U.S.-Syria-Israel summit is being pushed by Clinton Meeting aims to get Assad to talk with Israelis for first time

January 24, 1996|By Mark Matthews | Mark Matthews,SUN NATIONAL STAFF

WASHINGTON -- Anxious to accelerate the pace of Israeli-Syrian peacemaking, U.S. officials will try in coming weeks to persuade Syria's President Hafez el Assad to join in a three-way summit with Israeli Prime Minister Shimon Peres and President Clinton.

U.S. officials said tangible signs of progress were needed and they are hoping for "a greater willingness to consider summitry" by Mr. Assad. Negotiators from Syria and Israel are to return today to Maryland's Eastern Shore for a new round of talks.

The Clinton administration wants a peace settlement to be reached in 1996, thereby providing the president with a major foreign policy achievement in an election year.

But on the eve of the talks at the Wye River Conference Centers, neither Israel nor Syria showed much new flexibility on issues that have blocked progress for the past four years.

"The real question is whether Assad is really ready" for peace, a senior Israeli official said in a meeting with American editors and columnists. "We expect the U.S. to realize that the real onus is on the shoulders of Assad."

In Damascus, the Syrian capital, the official daily Tishreen warned Israel against exaggerated "security obsessions" that could obstruct the peace process.

Uncertain of progress on substance, U.S. officials have now looked at the possibility of a three-way Israeli-Syrian-U.S. summit to dramatize a commitment to the peace process.

One senior administration official said that if a date can't be agreed on before Secretary of State Warren Christopher travels to Jerusalem and Damascus in early February, there should at least be "movement toward a summit" by then.

Israelis have long hoped for some significant peace gesture by Mr. Assad, one of the Jewish state's most implacable foes.

So far, Mr. Assad has refused to meet with any Israeli leader. Since the Syrian president wants to improve relations with Washington, U.S. officials hope an invitation from Mr. Clinton for a three-way meeting would change his mind.

Any meeting probably would occur in Europe, since Mr. Assad refuses to travel to Israel and it would be politically difficult for Mr. Clinton to invite the Syrian president to Washington as long as Damascus has not made peace with Israel and remains on the State Department's list of nations that sponsor terrorism.

U.S. officials say they recognize that Mr. Peres is under powerful political pressure to call parliamentary elections as early as June and are worried that a political campaign would distract his government and "freeze" the peace process for months. Mr. Peres became prime minister after the assassination of Yitzhak Rabin in November.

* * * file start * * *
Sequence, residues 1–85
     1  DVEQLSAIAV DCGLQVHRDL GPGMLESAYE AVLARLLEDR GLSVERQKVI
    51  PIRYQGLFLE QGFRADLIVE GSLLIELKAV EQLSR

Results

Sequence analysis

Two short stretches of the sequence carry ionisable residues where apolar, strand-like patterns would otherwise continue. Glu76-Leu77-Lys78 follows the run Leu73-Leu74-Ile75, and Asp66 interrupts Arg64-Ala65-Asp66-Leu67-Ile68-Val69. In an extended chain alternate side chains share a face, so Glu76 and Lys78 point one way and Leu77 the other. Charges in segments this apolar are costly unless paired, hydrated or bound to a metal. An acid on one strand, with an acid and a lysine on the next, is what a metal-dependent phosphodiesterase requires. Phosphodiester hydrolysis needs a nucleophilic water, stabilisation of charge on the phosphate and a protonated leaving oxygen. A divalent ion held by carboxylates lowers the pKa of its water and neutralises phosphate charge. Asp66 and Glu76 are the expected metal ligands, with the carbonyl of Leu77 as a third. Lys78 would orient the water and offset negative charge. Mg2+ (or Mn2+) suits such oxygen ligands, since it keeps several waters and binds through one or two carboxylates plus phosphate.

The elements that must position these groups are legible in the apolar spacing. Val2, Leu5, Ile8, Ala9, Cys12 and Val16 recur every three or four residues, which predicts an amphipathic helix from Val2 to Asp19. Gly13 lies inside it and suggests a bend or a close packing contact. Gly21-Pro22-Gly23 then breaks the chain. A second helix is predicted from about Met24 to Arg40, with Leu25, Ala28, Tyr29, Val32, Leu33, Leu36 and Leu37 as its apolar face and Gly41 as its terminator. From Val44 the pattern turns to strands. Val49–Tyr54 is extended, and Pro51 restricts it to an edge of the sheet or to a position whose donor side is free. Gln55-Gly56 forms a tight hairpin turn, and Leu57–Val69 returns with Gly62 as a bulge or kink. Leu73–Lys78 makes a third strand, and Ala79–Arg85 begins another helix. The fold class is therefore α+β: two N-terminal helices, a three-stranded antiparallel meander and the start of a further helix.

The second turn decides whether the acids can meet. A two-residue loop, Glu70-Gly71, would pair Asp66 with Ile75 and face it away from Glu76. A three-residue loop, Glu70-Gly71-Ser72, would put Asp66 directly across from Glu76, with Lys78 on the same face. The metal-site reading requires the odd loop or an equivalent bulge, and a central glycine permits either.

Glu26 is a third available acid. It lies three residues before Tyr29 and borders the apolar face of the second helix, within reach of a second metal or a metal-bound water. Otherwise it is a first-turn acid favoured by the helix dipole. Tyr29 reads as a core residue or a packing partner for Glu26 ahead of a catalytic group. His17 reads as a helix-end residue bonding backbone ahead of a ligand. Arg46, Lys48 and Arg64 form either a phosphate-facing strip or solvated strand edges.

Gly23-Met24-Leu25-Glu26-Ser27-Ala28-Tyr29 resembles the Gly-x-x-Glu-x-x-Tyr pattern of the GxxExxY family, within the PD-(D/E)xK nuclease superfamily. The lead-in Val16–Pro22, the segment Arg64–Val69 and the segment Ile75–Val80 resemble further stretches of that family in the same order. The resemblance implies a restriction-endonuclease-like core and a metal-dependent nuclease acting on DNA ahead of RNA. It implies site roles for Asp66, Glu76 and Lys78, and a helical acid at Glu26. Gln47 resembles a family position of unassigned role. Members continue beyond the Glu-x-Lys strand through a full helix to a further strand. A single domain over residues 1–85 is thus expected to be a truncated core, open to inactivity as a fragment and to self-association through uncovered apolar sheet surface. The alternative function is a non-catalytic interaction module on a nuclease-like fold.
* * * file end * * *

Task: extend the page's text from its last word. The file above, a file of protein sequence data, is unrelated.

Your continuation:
Officially, the Israeli government says there is no connection between the peace talks and its election timetable.

But U.S. officials say the connection is inescapable. For Mr. Peres to delay elections beyond June for the sake of the peace talks, he will need to show "concrete, substantive progress," one U.S. official said. A summit is one way of doing that, officials said.

The central issue between Israel and Syria is the exchange of the Israeli-controlled Golan Heights for peace guarantees and full recognition by Damascus.

The issue is complicated by deep-seated disputes over security arrangements, the nature of a future peace between Israel and Syria, and both countries' need for water from the Golan region.

In previewing the Wye talks for journalists yesterday, the senior Israeli official said negotiators would place new emphasis on discussing security arrangements that would accompany an Israeli withdrawal from the Golan Heights and on water sharing.

High-ranking military officers from Israel and Syria will join the talks.

The Israeli official predicted that a final settlement would include a few hundred uniformed monitors on the Golan Heights. Americans would be preferred since they are "trusted," he said.

The official also repeated Israel's demand for a manned observation post on the Golan Heights as the most effective early warning against a Syrian attack. Intelligence devices, such as satellites, would not offer sufficient coverage, the official said.

"We need reassurances on early warning," the official said.

Arrangements for the withdrawal of Israeli troops should include both a demilitarized zone, plus other territory in which weaponry on each side would be limited, he said. Israel would be encouraged to be more flexible by signs that the Syrians are redeploying troops in advance of an agreement, he said.

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